Whither Cuba's Green Thumb?

Floods, storms, drought and heat, plus an array of economic concerns, are taking their toll on Cuban agriculture.

Inter Press Service reports that 75 percent of Cuban land used for crops and grazing has fallen into disuse, even as produce prices increase and the variety of crops available diminishes.

Raul Castro, who heads the Communist government there, said earlier this year that “structural and conceptual changes will have to be introduced” to address the situation.

Armando Nova, a Cuban academic in Havana, told Inter Press that increased local control over farming decisions, profitmaking, and allowing farmers to sell their crops directly at local markets, rather than mandatory sales to state agencies, are all necessary to boost cultivation and food production.


“AGRICULTURE-CUBA: Waiting for Announced Reforms”
Inter Press Service, December 5, 2007

3 thoughts on “Whither Cuba's Green Thumb?

  1. I’m sure that 48 years of a communist dictatorship with its inherent mismanagement and its predilection to gorge on natural resources until they are exhausted have nothing to do with Cuba’s lack of agricultural production.

    I am also sure that Cuba’s past agricultural successes dating back almost 200 years before the infamous revolution were nothing but an anomaly.

    The US, nature, God, bad luck, misaligned stars, sidewalk cracks stepped on, paths crossed by black cats, evil eyes, gypsy curses, broken mirrors (at least 7 of them), and a host of other misfortunes are to blame. It can never be the dictatorship’s fault.

  2. socialism, at least cuban-style, can mean poor services and inefficiency. i’ve seen it. cuban private farmers are more productive than the state farms. but “gorging on resources until exhausted” is way off base.

    cuba is one of the very few countries reforesting, and only one of two or three in otherwise-capitalist latin america. the cubans have mapped out the entire country for depleted or salinated soils and are taking action to restore them. they are planting trees by the rivers to stop erosion, and throughout the country, including in havana and other cities. they have excellent programs to watch over endangered flora and fauna. the special period forced them to learn to farm without chemicals, and fuel for equipment, and are now teaching other countries their organic techniques, such as the large-scale production of earthworm castings to improve soils. they have programs underway to restore harbors and other habitats.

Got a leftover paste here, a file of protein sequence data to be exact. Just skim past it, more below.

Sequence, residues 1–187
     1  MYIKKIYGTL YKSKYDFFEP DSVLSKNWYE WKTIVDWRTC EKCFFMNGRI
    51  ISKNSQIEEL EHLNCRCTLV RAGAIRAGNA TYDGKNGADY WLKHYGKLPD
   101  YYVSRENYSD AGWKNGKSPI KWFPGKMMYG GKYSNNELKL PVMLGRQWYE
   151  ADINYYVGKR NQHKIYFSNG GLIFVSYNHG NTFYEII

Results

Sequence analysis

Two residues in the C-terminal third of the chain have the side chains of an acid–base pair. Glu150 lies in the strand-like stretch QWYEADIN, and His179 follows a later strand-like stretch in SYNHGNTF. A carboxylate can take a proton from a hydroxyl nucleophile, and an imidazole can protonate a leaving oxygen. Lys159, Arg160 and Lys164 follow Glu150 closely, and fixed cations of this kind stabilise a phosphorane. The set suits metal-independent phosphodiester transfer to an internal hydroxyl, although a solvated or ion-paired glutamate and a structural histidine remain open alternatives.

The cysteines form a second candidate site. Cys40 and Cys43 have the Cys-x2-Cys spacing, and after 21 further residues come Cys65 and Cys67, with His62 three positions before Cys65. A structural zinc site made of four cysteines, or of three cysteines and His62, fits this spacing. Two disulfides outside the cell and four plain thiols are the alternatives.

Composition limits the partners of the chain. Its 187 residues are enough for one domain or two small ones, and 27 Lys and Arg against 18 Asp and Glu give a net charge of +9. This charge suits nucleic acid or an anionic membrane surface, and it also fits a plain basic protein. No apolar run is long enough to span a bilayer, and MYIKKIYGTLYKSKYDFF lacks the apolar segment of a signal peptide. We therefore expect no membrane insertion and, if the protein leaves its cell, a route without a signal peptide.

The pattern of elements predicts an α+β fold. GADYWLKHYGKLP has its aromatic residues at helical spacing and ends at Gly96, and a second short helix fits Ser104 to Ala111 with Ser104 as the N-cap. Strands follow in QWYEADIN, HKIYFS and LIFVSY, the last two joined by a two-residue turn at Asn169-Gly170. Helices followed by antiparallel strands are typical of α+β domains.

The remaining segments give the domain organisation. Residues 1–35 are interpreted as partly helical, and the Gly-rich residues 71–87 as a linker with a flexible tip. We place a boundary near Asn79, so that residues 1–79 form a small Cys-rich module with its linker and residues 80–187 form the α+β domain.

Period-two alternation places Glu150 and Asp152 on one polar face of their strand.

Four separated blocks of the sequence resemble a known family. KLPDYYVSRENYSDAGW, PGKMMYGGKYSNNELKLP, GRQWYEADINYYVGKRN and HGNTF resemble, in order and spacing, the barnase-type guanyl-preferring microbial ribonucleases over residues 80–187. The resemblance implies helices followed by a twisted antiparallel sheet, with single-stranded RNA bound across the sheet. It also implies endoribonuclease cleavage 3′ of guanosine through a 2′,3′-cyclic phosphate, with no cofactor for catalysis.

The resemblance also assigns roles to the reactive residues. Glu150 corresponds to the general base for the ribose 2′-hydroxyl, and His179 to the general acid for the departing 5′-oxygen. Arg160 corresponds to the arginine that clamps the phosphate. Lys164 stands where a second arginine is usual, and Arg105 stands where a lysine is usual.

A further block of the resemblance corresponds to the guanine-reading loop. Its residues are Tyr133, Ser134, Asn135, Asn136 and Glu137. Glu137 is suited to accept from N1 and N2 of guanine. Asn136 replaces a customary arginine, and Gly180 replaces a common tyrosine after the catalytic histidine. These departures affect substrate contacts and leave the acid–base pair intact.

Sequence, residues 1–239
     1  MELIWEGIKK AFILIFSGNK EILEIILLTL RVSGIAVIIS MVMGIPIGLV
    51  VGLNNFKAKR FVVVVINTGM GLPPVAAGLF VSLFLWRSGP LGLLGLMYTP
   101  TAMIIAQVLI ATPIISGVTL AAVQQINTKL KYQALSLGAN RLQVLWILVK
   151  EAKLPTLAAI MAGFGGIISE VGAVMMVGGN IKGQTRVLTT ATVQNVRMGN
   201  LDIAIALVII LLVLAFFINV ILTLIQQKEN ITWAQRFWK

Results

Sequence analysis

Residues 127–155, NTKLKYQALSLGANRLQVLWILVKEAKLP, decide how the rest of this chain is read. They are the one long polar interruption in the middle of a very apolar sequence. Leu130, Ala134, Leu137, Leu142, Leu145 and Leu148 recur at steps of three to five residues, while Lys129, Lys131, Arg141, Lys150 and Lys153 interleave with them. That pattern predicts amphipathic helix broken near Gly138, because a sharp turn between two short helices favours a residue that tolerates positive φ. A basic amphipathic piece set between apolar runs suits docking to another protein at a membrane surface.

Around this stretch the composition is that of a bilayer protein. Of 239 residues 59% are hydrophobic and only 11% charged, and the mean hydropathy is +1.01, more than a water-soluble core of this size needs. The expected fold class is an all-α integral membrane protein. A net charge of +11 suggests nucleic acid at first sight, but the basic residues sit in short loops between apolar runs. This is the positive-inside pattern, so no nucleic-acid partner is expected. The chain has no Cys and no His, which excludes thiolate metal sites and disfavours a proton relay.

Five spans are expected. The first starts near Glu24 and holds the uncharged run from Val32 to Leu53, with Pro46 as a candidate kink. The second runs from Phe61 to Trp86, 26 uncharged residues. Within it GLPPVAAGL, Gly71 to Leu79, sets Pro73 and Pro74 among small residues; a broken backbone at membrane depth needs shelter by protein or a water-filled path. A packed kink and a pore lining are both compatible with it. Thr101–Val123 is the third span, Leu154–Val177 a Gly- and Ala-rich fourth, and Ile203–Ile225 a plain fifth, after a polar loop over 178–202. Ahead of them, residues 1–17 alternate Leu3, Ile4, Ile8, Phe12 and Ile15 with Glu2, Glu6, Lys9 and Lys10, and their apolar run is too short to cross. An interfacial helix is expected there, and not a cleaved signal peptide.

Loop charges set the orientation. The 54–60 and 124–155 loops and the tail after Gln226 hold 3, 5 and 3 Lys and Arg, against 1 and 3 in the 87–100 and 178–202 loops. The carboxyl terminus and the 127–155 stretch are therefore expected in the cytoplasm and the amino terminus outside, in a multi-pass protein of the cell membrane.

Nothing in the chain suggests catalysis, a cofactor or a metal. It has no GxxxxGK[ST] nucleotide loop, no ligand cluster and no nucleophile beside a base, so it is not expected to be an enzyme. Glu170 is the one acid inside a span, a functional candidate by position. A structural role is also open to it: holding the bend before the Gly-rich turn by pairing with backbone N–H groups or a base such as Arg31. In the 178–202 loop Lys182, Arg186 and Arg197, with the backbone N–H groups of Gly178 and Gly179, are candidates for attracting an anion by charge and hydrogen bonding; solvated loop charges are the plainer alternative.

the special period and the ten-year drought that ended only with destructive hurricanes and rains had real negative effects. and don’t forget the u.s. blockade, which adds another layer of obstacles to the normal operation of everything, including agriculture.

    i don’t know about god as a factor, but i’ve never heard anyone in cuba blaming it, or the number of superstitions you mention, as causes for anything on the island. its many educated specialists are applying science systematically to improve the environment.

  3. The fact remains that Cuba’s agricultural production before the communist dictatorship expropriated all the commercial farms far exceeded the production yielded today. Considering the fact that this feat was accomplished using technology that was half a century old only underscores the reality of Cuba’s communist mismanagement of resources. This should come as no surprise to anyone since the Soviets wrote the book on industrial and agricultural mismanagement. A book that to this day, the castro monarchical dictatorship follows to the letter.

    Nonetheless, all of the “advances” you noted regarding Cuba’s organic techniques completely ignore the reasons they had to use them. The “special period” you speak of actually refers to the years Cuba had to live without the funding of the USSR. Even with the billions upon billions of dollars the Soviets sent communist Cuba during their heydays, agricultural production in Cuba has been in a steady decline ever since 1959.

    My sarcastic reference to the many forms of bad luck was meant to point out that no matter what happens in Cuba, the fault is always placed on someone or something else. And if you want to bring the US embargo into to play (your use of the word blockade is interesting and incorrect, but Havana would be proud of you), as far as I know and read everyday in the news, the US is supplying Cuba with plenty of agricultural products. The only difference between the US and the rest of the world is that the Cuban government has to pay cash. A requirement that makes sense since Cuba’s dictatorship has defaulted on practically every loan other countries have given them. But that’s another topic altogether.

    I understand that when it comes to agriculture, there are major natural forces in play that can wreak havoc on a small island’s production. However, the real problem with Cuba’s production is the communist/totalitarian system that has enslaved the nation for five decades. You want to see Cuba become the largest producer of sugar in the world as it was before the revolution? Get rid of the communist system. Otherwise, it will forever languish in an industrial and agricultural malaise.